Tangible rewards remain elusive for Norwich City midfielder Robert Snodgrass
- Credit: Paul Chesterton/Focus Images Ltd
Robert Snodgrass is a firm believer in footballing justice. The Scottish international is adamant Norwich's recent form contradicts their lowly Premier League status.
The Scottish international admits it has been hard to reconcile heavy league defeats to Chelsea and Arsenal with the encouraging tone of both those losing performances.
'I'll be honest with you, over the last couple of weeks it has been very strange. We feel we have played well in spells of those games and yet we have conceded seven goals,' he said. 'We were in matches against two of the best sides in the division. It has been very difficult to take because it is small margins in this league and twists and turns at crucial moments. We feel we are a solid unit but at the 60, 70 minute mark of games the manager has felt we need to go and push to try and win the game and I'm sure the fans felt the same way but these teams have capitalised on that.
'Against Arsenal last year and most of the big teams the statistics showed we didn't have much of the ball and maybe one or two shots on target. These teams press you higher up the park but no-one can tell me we didn't keep the ball as well as Arsenal (last week). Certainly in that period 10 minutes before the interval and 15 minutes after there was only one team going to win the game.'
Snodgrass remains convinced City's commitment to revising the style of play will pay dividends.
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'We have passed the ball better than ever but it is a thin line regarding possession and getting points. We are making progress in our style but we are still third from bottom,' he said. 'The backroom staff is very confident in this group of players. We are a good bunch of lads and we know the position we are in. We were in a similar situation last year and we went 10 games unbeaten. I know there is no guarantee we can do something similar but we believe we have the players to do it.
'Cardiff will approach this game the same as us. They will believe they can come here and win. It comes down to who wants it more. They have had some good results, a little bit like ourselves, and they have some terrific players. I don't buy into the theory it is a must-win. Every game is a must-win. We believed we could beat Arsenal and we feel the same about Cardiff.'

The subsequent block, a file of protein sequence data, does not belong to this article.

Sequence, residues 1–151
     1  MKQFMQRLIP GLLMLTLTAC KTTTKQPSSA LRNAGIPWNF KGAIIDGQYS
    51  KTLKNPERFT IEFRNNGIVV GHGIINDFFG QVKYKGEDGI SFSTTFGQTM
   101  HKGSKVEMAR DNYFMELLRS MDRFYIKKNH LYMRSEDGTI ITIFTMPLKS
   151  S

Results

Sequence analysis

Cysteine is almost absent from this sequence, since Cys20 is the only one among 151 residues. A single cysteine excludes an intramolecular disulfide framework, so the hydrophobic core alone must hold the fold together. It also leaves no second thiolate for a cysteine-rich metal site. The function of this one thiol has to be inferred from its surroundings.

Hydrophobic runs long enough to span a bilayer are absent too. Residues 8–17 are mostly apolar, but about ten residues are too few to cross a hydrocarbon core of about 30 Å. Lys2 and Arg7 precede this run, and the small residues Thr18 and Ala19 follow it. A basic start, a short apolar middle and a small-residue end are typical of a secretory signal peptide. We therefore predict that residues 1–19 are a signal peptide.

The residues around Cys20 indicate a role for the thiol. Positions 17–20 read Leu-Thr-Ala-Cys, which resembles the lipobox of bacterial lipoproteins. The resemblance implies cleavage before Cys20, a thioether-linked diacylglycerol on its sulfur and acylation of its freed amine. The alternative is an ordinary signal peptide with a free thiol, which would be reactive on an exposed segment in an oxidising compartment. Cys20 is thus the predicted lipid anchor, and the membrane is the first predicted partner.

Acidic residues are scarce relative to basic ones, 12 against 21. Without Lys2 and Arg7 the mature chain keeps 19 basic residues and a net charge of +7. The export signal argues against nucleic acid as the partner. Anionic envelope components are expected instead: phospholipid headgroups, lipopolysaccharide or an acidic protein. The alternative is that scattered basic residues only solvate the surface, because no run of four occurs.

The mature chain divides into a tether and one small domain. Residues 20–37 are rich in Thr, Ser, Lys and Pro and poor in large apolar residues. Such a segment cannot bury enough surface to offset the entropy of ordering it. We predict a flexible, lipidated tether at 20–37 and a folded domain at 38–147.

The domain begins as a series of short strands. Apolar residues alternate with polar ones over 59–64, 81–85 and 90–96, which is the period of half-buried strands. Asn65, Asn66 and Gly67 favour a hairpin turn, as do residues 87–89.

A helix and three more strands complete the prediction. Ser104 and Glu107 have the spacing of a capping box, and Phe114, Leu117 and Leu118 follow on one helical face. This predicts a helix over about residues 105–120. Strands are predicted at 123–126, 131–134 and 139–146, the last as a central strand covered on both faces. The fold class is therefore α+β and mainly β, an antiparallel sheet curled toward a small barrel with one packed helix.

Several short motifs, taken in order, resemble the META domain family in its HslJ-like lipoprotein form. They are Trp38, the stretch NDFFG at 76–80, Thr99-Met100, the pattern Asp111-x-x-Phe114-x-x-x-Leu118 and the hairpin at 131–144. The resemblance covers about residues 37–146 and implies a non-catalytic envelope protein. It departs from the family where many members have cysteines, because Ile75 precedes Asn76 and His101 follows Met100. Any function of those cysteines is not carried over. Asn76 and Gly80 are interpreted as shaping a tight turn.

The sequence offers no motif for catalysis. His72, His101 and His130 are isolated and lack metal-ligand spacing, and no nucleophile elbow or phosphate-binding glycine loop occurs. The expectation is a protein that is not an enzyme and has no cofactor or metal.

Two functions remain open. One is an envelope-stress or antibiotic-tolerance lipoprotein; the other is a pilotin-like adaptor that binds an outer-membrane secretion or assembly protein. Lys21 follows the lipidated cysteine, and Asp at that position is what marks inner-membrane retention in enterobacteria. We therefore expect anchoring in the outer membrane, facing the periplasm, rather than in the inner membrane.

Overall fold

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City's lack of productivity from set pieces this season is one cause for concern that has inevitably placed Snodgrass under scrutiny.
'I think too many people criticise on one delivery these days if it doesn't go well,' he said. 'Against Stoke I put in maybe three or four that were on the button. If I wasn't producing on set pieces the manager would take me off them - it's as simple as that. It's a big part of our game and he monitors things very closely so he is obviously happy with it.
'On the set pieces you need to attack the ball in the box as well as getting the delivery into the right area. If the gaffer wants to change that then I will try to get into the box to score myself. In general play when you have one striker it means the wide players need to be pinpoint instead of perhaps maybe trying to hit an area. Most teams nowadays play one up top and very rarely do you see headed goals from crosses. Most managers want wingers to come inside and let full-backs bomb on.'
Snodgrass has yet to open his goal account for the Canaries second time round after a productive debut campaign, but the midfielder was on target for his country in the recent World Cup qualifying win over play-off contenders Croatia.
'I play in a different position for Scotland. It is more about getting on the ball and showing what I can do,' he said. 'That is what Gordon Strachan said to me. He wants me to play off the front but drift as well. At Norwich I have a more settled position on the right of midfield and you are working on shape and perhaps you do not get as many chances. It was a good international break for me personally, but the most important thing was getting the result.'